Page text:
A home-schooled Leaving Cert student is seeking leave to bring a High Court case aimed at requiring the Department of Education to urgently consider his application for calculated grades.
Elijah Burke (18) claims the exclusion of home-school students from the calculated grades process breaches his rights under the Constitution and the Education (Welfare) Act 2000, and is arbitrary, unfair, discriminatory and unreasonable.
Unless the court intervenes, he says he cannot progress to third-level education for another year.
Elijah, from Cloonsunna, Castlebar, Co Mayo, is one of 10 siblings who have all been educated at home by their mother, a registered teacher who has also worked as an examiner for the State Examinations Commission.
It is claimed Ms Burke had contacted the Education Minister's office directly, and the Calculated Grades Executive Office, several times seeking to have him considered for a calculated grade and "clarity" for home-schooled students but no firm reply had been received.
Elijah said he has studied diligently for the Leaving Cert, has followed the curriculum and is registered to sit exams in nine higher level subjects. He sat his mock exams at home and with a significant body of course work as part of his studies, including essays and test papers, he has the same "credible evidence" available to him as any other student in school, it is claimed.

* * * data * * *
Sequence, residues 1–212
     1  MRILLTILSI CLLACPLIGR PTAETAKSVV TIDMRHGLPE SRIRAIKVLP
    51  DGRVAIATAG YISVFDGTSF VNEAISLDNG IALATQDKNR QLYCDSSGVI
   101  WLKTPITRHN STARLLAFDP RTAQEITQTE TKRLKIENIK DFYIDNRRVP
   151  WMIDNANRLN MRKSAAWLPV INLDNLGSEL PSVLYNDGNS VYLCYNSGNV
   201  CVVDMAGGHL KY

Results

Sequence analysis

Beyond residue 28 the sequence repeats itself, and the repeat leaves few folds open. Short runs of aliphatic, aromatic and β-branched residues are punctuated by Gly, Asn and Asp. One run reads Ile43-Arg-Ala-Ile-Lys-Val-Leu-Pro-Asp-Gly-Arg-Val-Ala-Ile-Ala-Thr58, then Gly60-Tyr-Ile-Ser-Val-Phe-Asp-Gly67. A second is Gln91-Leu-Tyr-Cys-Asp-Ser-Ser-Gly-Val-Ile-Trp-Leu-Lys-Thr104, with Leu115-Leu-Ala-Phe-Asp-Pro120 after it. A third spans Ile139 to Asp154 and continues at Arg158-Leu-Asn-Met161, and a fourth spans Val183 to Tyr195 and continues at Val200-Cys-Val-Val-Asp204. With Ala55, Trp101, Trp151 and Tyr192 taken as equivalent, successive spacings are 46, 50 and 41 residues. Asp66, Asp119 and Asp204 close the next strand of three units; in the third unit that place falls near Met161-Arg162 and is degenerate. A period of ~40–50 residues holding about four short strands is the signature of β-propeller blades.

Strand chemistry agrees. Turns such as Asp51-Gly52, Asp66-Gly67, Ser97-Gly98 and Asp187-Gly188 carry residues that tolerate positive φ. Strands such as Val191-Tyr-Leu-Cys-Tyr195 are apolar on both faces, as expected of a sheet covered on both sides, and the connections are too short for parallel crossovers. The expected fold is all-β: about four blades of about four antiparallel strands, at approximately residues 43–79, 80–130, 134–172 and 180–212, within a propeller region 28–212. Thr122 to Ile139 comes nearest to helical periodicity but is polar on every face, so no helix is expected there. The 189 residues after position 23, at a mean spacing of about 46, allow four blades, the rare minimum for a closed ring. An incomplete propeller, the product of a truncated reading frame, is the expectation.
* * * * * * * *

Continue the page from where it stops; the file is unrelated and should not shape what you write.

He hopes to attend NUI Galway to study biomedical science or history with music. The points for those courses were 533 and 318 respectively in 2019 and he expected to get well above that based on his past performance in mock exams, he said.
He has completed all grades in classical piano, is studying for an associate diploma in piano teaching and has had much success in music competitions, including winning the Royal Irish Academy Composing Competition three times.
He and his brother Simeon also won the Mayo Association Dublin debating competition in 2017.
Eight of his siblings have averaged points in the Leaving Cert of 520.